Tuesday session at SVSU believed to be the first in-person orientation at a Michigan public university this summer
SVSU welcomed a group of incoming freshmen to campus Tuesday, as they participated in the first SOAR orientation session of the season, marking the first organized student activity on campus since March. New students enthusiastically participated in the event aimed at readying them for the fall semester next month.
"I was absolutely thrilled with how well the Orientation team and students did with this," said Rachel Florence-Spaetzel, director of SVSU's Orientation Programs. "It showed that we can modify things for safety and still provide a great experience."
The students largely experienced SOAR in groups – no more than seven people in each – assigned according to their academic college. The small group structure allowed them to enter rooms without exceeding recommended capacity limits.
“For the incoming freshmen, this felt like we were giving them back some of what they lost from their senior year in high school,” Florence-Spaetzel said. “This offered a sliver of normalcy that felt so rejuvenating. It was a thrill to see the way they brought campus to life."
While there was a sense of normalcy, the Orientation team and participants followed strict safety guidelines as recommended by health experts. Everyone practiced social distancing and wore face coverings.
More SOAR sessions are planned throughout the coming weeks, including another event today (Friday).
Students and parents will be getting something new during this year's orientation – the NEST Plan Guidebook, which contains helpful information and resources for a safe return to campus.
Return to Campus Booklet (8,387KB)
Melvin J. Zahnow Library, re-configured to practice social distancing, re-opened Monday, July 13.
Signage installed across campus helps provide visual guides that help students and the campus community best practice safety. In the above photo, floor signage provides directions for foot traffic in the Marketplace at Doan cafeteria.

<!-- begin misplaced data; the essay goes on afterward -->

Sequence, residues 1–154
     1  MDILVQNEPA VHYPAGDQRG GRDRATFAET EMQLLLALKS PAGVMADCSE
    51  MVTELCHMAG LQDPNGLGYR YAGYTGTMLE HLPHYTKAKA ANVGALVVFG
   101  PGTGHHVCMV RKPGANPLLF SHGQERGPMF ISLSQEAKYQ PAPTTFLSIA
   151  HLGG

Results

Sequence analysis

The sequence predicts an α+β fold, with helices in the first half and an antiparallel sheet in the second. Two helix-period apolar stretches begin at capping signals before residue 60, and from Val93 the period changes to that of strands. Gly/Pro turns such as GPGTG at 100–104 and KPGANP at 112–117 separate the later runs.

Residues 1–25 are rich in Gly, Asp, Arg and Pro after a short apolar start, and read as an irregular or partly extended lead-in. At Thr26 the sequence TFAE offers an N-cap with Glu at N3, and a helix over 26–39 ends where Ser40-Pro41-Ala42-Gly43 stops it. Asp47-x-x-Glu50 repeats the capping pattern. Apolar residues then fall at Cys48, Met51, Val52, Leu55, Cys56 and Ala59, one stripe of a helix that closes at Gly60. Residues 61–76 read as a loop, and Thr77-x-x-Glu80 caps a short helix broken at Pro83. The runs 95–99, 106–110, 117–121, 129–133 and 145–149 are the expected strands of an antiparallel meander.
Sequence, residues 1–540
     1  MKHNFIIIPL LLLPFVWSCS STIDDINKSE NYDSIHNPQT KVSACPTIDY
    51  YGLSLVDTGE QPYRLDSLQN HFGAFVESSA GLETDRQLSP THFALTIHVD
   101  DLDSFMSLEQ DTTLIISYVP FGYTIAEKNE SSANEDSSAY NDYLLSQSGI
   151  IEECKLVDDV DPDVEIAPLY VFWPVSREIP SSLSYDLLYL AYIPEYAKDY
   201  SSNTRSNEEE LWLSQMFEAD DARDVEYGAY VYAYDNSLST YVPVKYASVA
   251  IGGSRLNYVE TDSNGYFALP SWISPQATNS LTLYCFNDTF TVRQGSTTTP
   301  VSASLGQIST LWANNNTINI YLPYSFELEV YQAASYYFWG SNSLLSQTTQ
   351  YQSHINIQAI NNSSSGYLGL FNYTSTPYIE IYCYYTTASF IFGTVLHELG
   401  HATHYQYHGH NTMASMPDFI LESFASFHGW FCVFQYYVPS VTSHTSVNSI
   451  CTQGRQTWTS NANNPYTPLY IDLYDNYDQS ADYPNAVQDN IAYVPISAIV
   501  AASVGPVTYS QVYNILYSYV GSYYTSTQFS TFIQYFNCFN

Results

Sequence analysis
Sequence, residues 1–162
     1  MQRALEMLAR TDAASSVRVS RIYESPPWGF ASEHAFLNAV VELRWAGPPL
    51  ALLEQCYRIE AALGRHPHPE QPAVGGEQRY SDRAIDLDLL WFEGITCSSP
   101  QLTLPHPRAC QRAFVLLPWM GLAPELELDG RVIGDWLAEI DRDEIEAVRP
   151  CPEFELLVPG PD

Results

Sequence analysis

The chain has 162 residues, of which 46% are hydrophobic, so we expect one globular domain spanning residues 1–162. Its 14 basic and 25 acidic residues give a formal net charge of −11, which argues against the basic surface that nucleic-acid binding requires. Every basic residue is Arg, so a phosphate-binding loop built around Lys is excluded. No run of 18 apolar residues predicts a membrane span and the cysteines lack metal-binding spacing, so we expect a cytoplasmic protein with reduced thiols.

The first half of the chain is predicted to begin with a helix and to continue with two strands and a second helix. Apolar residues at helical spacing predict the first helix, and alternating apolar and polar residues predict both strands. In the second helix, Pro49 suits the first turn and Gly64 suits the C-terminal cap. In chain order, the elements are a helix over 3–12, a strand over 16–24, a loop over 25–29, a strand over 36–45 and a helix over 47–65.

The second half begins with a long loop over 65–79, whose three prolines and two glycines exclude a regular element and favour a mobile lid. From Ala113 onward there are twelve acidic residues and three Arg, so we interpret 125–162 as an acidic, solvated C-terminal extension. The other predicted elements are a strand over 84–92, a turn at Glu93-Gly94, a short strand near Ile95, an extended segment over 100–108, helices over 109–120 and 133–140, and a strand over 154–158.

SVSU Orientation leaders on Tuesday provided a sneak preview of how classrooms will look this fall.
After their work during the SOAR session, a group of the Orientation leaders participated in a photo session at two campus classrooms that have been modified to observe social distancing practices. They gathered in both a traditional classroom in the new Carmona College of Business building expansion as well as Banquet Hall A, which will be used to house the courses that feature the largest number of students.
With the exception of plexiglass that crews will begin to install next week, the classrooms were configured as they will appear when the fall semester begins.
Ron Portwine, SVSU’s associate vice president for Administration and Business Affairs and its chief business officer, was among the campus leaders who worked to reimagine campus spaces in a way that promotes Practice 5 safety guidelines.
“We have been working on this plan for a long time, and now we’re seeing how it looks with students here on campus,” Portwine said. “It’s exciting and provides an opportunity to receive student feedback on the changes we’ve made.”
Read the complete story about the facility preparations for fall semester as well as images of those campus settings.
As the fall semester approaches and faculty prepare unique syllabi that will accommodate in-classroom and virtual learning, students are being introduced to new terminology for how courses will be taught. It is important to understand the differences between synchronous learning and asynchronous learning.
Synchronous learning involves students engaging with course content and each other at the same time, either from the same or different locations. This can include in-person classes, watching real-time lectures on a computer, or working with a group of students on a class activity in person, through the computer, or some combination of the two. With synchronous learning, real-time interaction, and discussion between the educator and student occur simultaneously and students must participate during scheduled times.
Asynchronous learning involves students engaging with the course content in different times and from different locations. Faculty will prepare course materials in advance, delivering them through platforms such as online discussion groups, pre-recorded lectures, videos and Canvas learning modules. Asynchronous learning allows students to revisit pre-recorded content as needed, and it provides increased schedule flexibility and accessibility.
Our faculty are committed to supporting students and providing them with an educational experience that meets their individual goals and learning styles. Instructors are preparing to adapt and utilize various synchronous and asynchronous teaching methods to provide much-needed flexibility for reduced classroom capacities and other safety protocols.
Email your questions or concerns to firstname.lastname@example.org.
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